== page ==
Summary I got there a day late after the party. I really did not care by then - I went as fast as I could considering my background, training, experience and approach.
We had a late finershers party 2 days later
Approx 178 started, 38 got there for the party on Saturday night 70 approx DNFd 70 approx got there late
Everyone agreed it was the hardest yet, and harder than anticipated. Assietta and the days of headwinds across France, Italy, Albania, Greece and Turkey were not expected and contributed to the DNFs
I am very proud to have finished. I had a few dark moments, and was in pieces in days 2-6, but I never really thought I would not make it. I just thought I would need to go slower. Stubbornness I guess
After effects and thoughts
I slept a lot the following couple of weeks.
My little fingers are still tingly, but are getting better - an improvement from them being numb when I finished, (I have swollen palms / compression of the ulnar nerve). I was on the tri bars as much as possible,but i obviously ride badly on the hoods I felt really lethargic / down / maybe depressed over the last week or so. I got home 4 days after I finished, and was straight back into work. Initially it was OK, but I have this sense of loss...... Its hard to get going again - I am finally back on the bike 3 weeks after finishing.
I have Ironman Majorca in 4 weeks time
Do I recommend this to anyone else - yes. Its hard on so many levels, (physical, mental) but its doable. Just be really aware of what you are getting into - a 300k ride should not phase you.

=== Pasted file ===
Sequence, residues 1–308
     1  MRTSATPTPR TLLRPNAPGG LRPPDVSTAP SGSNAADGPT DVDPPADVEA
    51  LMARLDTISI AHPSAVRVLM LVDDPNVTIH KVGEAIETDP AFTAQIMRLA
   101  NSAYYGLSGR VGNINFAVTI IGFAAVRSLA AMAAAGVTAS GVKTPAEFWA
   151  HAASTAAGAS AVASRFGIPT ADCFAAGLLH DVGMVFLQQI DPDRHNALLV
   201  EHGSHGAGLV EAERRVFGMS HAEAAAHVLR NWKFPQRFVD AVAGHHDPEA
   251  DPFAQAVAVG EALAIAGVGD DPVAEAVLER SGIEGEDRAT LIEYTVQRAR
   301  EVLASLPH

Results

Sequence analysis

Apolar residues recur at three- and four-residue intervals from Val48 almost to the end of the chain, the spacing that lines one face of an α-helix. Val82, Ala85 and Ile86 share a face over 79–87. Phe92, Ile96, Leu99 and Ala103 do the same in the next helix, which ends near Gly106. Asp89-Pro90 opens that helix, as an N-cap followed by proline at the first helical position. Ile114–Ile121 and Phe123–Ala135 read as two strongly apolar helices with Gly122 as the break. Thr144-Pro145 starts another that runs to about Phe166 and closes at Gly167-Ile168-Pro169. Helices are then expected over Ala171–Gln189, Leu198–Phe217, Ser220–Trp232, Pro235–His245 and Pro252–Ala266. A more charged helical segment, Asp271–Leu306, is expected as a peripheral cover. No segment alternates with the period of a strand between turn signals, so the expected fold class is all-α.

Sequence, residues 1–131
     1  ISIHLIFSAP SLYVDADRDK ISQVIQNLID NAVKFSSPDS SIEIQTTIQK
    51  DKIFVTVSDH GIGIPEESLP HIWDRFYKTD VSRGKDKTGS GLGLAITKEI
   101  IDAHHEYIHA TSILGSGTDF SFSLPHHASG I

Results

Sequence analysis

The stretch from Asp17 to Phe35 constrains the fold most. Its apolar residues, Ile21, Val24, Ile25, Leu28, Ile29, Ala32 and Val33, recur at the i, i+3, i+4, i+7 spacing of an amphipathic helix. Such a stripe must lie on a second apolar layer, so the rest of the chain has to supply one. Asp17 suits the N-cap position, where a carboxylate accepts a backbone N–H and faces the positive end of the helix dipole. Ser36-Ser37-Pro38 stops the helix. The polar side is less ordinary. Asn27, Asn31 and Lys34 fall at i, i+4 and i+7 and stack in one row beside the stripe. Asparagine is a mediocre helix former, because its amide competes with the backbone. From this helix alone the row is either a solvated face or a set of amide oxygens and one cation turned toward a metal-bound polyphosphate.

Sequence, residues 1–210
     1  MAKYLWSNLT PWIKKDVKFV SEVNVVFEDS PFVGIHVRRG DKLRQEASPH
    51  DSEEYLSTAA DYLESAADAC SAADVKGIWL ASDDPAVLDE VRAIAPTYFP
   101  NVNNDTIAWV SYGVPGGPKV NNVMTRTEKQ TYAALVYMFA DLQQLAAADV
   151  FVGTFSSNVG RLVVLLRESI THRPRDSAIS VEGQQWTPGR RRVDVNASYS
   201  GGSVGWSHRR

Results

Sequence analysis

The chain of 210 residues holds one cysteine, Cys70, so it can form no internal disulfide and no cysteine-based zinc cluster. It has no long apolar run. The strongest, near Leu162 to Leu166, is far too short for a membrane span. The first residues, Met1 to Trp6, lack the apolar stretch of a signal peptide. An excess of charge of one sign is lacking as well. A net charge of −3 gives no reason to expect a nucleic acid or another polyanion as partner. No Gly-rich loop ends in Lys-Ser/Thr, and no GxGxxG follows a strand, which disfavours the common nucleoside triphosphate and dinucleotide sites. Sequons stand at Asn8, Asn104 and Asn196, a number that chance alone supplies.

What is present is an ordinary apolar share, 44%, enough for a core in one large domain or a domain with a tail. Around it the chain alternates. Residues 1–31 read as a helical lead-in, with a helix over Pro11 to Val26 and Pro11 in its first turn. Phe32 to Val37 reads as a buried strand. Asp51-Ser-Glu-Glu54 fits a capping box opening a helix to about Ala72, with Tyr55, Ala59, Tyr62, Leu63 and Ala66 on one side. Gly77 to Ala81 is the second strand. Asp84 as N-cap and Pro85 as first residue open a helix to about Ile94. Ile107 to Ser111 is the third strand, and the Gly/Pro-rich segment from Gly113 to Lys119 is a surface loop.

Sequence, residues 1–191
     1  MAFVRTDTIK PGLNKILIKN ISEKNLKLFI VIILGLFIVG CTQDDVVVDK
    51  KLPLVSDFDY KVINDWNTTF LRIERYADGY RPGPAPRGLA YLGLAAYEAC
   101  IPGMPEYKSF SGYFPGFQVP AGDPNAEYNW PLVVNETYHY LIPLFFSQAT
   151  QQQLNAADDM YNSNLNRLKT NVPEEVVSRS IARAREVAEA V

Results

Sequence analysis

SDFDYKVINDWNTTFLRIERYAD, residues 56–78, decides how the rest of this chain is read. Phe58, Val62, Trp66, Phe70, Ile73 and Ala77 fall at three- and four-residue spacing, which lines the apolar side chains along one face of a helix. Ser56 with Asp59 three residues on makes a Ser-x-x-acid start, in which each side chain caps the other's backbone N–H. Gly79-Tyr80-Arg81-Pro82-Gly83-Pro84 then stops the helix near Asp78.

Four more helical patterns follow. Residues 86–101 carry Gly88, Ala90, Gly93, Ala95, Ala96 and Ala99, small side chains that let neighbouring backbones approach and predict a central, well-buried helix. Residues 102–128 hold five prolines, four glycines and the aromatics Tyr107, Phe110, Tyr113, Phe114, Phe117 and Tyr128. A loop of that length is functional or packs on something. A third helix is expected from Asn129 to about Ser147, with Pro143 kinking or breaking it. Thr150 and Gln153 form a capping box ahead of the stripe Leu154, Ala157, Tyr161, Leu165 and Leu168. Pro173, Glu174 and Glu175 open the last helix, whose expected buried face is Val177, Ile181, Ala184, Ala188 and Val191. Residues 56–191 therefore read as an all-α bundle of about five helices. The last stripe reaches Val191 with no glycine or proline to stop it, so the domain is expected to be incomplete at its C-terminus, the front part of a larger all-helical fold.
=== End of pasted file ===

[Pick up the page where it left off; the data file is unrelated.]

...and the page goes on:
Will I do it again - probably. If it goes somewhere else than Istanbul, then probably definitely
What will I change
Carrying a bivvy bag / sleeping bag / sleeping mat is heavy, but it gives such confidence that I can sleep anywhere if I need to hotels - i would use them again. i can eat, wash me and kit, recharge stuff etc. However, I need to be way more efficient
buy breakfast on the way to the hotel / get a pack lunch made
eat, wash kit, pack bike again
go to sleep, (10 oclock)
wake 6 hrs later (4), and leave (4:15), eating as I go
Instead, I ate, did stuff and got to sleep at 12-1. woke at 6:30, breakfast at 7, packed bike and away at 8:00 - 8:30. Getting up early means I get another 4 hrs a day....... I am a night owl which is OK in western europe - its a bit tougher in SE europe as the dogs freek me out
10k, 5, 3, 1, 200m...then there's the cafe. I stop, see a bike and go to park mine but Karen appears. A sweaty hug. (me not her), a kiss and a hello. She takes my bike. I get a round of applause from the 20 odd gathered riders, a handshake and congratulations as my brevet card is signed